Daimler Trucks execs emphasized the benefits of global collaboration as the OEM develops new electric and automated truck technology, at the same time warning of the potential negative effects of tariffs and trade wars, in a wide-ranging Q&A with media capping Daimler Trucks’ Capital Market & Technology Day June 6 in Portland, Oregon.
For starters, it’s been a busy year so far for truck sales. ACT Research recently reported that as of May, Class 8 truck orders are being booked at a 475,000-unit rate year to date. “For all practical purposes we’re sold out for 2018 and are reaching the level where the supply chain becomes our constraint,” said Roger Nielsen, president and CEO of Daimler Trucks North America.
“We identified the bottlenecks and have our staff and experts on site at suppliers to make sure we can keep pace,” he added. “And we’ve gone the whole year without having to lose one click in our production; we’ve been very successful in managing the supply chain, but it has been a challenge.”
When asked about the cyclical nature of the truck sales market, Nielsem said, “What comes up must come down. We see a pretty healthy market in 2018 and 2019, but I remind everyone that 2016 was pretty not so good and ‘17 could have been better; are we now getting reward for two more difficult years? The good thing that you can say is the extreme cycles in 2006 and 2009, with the 2006 peak and the absolute deep valley, if you look at the cycles after that we oscillate a little less heavily.”
Truck sales around the world are a little more mixed, he said, especially given the recent truck driver strike and other problems in Brazil that likely have set back that country’s economic recovery. Turkey’s another trouble spot, but Europe and India are doing well.
Daimler’s new E-Mobility Group and Automated R&D Center will both draw on the knowledge of Daimler companies throughout the world, such as Mercedes-Benz in Europe and Fuso in Japan.
“There’s a lot of tech from Japan and Europe in those trucks,” said Martin Daum, head of Daimler Truck & Bus, referring to the new eCascadia and eM2 trucks going into fleet testing later this year. “But we had a dedicated and passionate American workforce that put those trucks together.”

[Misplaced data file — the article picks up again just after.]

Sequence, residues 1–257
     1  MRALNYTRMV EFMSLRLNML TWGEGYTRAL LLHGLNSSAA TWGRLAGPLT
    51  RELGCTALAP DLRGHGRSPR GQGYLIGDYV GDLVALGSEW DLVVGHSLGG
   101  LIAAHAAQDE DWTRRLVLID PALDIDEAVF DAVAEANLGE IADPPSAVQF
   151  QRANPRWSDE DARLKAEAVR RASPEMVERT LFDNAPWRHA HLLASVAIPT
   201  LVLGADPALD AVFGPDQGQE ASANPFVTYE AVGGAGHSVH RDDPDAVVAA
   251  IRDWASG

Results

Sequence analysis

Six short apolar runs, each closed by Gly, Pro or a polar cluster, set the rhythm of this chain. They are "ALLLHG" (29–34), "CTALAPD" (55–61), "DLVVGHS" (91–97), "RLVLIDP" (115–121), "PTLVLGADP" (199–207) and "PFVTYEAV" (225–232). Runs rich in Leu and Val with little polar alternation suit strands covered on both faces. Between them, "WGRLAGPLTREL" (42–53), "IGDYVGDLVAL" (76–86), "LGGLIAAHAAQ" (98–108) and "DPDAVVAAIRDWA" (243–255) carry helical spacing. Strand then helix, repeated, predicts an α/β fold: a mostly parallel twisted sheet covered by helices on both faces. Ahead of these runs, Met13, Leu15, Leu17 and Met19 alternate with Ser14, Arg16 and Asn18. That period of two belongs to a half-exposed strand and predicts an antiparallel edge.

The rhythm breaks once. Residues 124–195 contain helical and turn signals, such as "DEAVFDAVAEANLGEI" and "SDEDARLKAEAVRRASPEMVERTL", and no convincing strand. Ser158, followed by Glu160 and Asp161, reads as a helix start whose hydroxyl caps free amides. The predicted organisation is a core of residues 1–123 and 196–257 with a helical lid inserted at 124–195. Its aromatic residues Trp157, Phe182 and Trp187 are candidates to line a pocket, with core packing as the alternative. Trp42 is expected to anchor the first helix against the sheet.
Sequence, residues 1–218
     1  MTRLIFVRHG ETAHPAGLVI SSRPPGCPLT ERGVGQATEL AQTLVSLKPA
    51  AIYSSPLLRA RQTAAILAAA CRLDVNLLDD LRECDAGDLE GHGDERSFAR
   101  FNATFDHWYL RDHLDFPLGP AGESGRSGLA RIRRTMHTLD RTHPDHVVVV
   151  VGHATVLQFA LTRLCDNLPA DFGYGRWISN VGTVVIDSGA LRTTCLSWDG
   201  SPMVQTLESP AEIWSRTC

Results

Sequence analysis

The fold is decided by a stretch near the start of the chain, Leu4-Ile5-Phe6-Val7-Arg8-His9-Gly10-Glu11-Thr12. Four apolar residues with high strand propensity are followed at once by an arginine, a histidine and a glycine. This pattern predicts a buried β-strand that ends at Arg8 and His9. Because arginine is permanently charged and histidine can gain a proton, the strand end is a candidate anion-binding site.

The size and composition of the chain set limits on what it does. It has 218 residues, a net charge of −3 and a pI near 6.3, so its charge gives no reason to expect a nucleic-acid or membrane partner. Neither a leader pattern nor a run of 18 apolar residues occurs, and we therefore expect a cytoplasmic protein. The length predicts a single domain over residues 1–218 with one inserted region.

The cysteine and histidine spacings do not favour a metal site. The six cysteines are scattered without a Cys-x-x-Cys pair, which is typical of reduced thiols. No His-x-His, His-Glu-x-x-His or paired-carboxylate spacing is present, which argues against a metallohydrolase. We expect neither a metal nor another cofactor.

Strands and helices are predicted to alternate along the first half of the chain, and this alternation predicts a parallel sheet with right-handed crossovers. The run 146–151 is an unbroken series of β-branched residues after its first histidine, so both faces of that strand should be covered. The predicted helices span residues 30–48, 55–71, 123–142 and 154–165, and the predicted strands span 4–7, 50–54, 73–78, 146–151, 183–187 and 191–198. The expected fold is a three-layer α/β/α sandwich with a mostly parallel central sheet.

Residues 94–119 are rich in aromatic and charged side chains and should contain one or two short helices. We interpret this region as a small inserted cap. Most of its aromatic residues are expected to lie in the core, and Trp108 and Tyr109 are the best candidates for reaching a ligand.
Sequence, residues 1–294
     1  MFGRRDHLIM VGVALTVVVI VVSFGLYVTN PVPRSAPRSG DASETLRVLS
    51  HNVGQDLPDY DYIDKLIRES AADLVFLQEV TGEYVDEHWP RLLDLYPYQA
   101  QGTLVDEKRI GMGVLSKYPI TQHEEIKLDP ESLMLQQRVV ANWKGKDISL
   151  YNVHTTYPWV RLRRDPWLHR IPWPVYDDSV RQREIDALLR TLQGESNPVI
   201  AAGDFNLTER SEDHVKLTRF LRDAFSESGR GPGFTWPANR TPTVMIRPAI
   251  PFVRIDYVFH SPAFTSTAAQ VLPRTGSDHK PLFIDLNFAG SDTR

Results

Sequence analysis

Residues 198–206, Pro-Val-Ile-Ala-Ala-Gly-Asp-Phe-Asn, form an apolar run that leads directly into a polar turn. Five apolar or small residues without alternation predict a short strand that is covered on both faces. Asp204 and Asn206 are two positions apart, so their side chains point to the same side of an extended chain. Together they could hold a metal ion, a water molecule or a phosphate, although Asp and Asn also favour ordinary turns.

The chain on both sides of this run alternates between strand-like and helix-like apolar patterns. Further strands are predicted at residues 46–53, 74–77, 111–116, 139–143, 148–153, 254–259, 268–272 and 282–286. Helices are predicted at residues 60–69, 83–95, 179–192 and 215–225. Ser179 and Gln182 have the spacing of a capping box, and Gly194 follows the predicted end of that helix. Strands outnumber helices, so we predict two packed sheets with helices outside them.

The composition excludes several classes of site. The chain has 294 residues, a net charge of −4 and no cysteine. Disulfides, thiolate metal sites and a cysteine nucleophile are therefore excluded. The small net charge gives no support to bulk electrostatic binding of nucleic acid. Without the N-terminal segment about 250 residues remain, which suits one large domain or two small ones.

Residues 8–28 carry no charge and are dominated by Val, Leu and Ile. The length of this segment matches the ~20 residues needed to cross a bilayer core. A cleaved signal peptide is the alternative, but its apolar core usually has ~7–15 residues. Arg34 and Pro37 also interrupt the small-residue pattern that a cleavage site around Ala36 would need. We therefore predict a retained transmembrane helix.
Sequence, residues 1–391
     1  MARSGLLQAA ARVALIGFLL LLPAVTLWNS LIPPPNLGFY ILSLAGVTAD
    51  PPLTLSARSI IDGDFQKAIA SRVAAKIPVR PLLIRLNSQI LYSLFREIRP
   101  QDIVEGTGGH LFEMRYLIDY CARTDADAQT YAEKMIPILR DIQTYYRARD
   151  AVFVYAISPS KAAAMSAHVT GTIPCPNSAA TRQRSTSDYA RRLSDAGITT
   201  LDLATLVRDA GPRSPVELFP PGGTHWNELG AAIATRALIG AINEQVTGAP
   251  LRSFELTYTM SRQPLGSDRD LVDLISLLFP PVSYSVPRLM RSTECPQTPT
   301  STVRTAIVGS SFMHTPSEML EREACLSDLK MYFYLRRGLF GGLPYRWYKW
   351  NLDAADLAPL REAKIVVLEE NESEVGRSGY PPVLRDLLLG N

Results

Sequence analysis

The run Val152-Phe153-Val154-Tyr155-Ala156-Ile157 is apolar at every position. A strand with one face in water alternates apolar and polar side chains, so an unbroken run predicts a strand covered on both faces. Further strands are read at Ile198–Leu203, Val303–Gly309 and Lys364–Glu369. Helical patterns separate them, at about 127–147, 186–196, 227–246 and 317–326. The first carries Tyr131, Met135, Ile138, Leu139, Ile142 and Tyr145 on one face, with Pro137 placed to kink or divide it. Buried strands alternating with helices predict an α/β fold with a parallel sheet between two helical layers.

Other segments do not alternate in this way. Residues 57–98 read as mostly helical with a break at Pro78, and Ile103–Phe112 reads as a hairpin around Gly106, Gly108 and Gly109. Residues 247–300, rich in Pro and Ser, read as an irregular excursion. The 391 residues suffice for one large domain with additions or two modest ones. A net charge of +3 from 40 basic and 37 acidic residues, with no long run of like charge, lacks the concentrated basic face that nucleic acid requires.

Explaining the collaborative approach, he said, “When we develop in one place a solution, we take it to the other place and improve it and hand it back to the first place, and so on. Especially in an area where no one has to defend any turf and we all are in search of the best solution,” as is the case with e-mobility and automation.
While Daimler may have made big announcements about its plans for e-mobility and automation at the same event, Daum said to not necessarily expect the two to merge. “Both technologies have their own problems,” he said. “Combining the two of them, you are not necessarily helping the cause. You eat an elephant by going bit by bit. We produce the best possible electric truck and the best possible automated truck, and only then maybe we look at putting them together.”
Daum also stressed the evolutionary nature of technology development, especially of automated vehicles. There’s a big difference, he said from running an automated truck on a limited regular dedicated highway route and one where you can just send it the address and tell it to go.
“I’m always skeptical of a CEO who says, ‘Within 3 years it will revolutionize the industry. Nope. It’s an evolutionary development, and it starts today and ends 20 or 30 years down the road.”
Tariffs and trade wars
When asked about the latest tariffs from the Trump administration and the response from other countries to impose tariffs of their own, Daum said he was concerned – and not just about this country. “To me this is one of the big mistakes we tend to do, we become more nationalistic. I think the true solution is we become more global. All problems we face are global problems, and we solve them together.”
Manufacturing companies such as Daimler, he said, don’t think in terms of national borders anymore. “As more barriers and tariffs [are imposed], the more cumbersome our life is. We can work around it, but it’s the customers and ultimately the citizens of those countries who suffer, because they have to pay more. When I look around the globe, the more tariffs you build up, the more expensive life inside the country gets.”
Nielsen added that the steel and aluminum tariffs “definitely will increase costs in the United States, and eventually they have to find their way through the entire value chain.”